I’ll start this post with a brief recap of the history of labor relations at Brighton. In 1968 the United Steelworkers of America attempted to organize at Brighton. The company staged a successful campaign to dissuade the employees from voting to unionize, convincing a majority that it would be bad for the company and that many would lose their jobs. Another vote was taken a year later, and this time the Steelworkers union was voted in. The company refused to recognize it, and a strike ensued for three months. Finally, in February of 1970, the union was recognized by Brighton and a three-year contract was signed. The world did not end for Brighton, as the company had predicted. In February of 1973 negotiations for a new contract failed, and there was another strike. This one lasted two months. In April of 1973 another three-year contract was signed. I was hired in July of 1973. So despite Brighton’s claim of the harmful effects of unionization, business was good.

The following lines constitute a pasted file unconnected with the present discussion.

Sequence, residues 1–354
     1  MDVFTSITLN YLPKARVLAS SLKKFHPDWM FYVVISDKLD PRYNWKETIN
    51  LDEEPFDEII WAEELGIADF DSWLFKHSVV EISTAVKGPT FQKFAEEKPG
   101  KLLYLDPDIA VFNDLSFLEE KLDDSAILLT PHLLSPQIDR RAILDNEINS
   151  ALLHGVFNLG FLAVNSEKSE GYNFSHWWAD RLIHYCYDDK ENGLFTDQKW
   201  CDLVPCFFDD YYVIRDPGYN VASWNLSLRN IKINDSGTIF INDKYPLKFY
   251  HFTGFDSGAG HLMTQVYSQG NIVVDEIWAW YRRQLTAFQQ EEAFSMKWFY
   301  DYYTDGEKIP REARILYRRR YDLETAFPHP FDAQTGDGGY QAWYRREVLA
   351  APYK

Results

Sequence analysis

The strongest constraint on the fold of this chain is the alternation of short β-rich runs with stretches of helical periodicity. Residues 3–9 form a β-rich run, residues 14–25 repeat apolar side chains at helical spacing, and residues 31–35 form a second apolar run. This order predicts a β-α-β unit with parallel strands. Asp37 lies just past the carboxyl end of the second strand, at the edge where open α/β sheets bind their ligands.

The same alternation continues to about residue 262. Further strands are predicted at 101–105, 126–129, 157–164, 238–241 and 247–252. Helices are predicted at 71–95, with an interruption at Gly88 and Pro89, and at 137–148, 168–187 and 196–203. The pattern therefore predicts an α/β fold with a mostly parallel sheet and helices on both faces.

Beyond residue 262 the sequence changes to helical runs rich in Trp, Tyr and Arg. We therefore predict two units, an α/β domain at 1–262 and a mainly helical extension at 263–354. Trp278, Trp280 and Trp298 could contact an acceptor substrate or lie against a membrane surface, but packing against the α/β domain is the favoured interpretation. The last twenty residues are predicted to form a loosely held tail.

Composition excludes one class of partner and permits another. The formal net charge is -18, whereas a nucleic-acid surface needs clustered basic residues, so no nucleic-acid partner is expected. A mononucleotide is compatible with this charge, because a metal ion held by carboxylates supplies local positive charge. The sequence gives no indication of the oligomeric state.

That brings us to the next contract, in April of 1976, the first contract I was involved with. The months leading up to this was a very tense time. Everyone anticipated a strike, since that is what happened with the previous two contracts, the only contracts ever negotiated. Brighton was averse to negotiating with the union. So bad things happened, the worst on second shift. Flanging machines used to have locking keys. Without the key the machine couldn’t be turned on. After lunch break one night the key in the largest flanging machine at that time, number 2, disappeared. The machine had been running until then. After break the machine was locked off and the key was gone. The second shift foreman Jim D. was frantic. Everyone was called into the break room and he demanded the key back. Of course, no one knew anything about it. So Jim called the supervisors to let them know what was going on. Elmer D. and Charlie F. came in to demand the key. Charlie even went so far to turn out the lights in the break room and say whoever had the key to toss it onto the floor in the dark and no blame would be affixed to anyone, he only wanted the key back. When he turned the lights back on there was no key on the floor. He was so angry he sent the whole second shift home for rest of the night.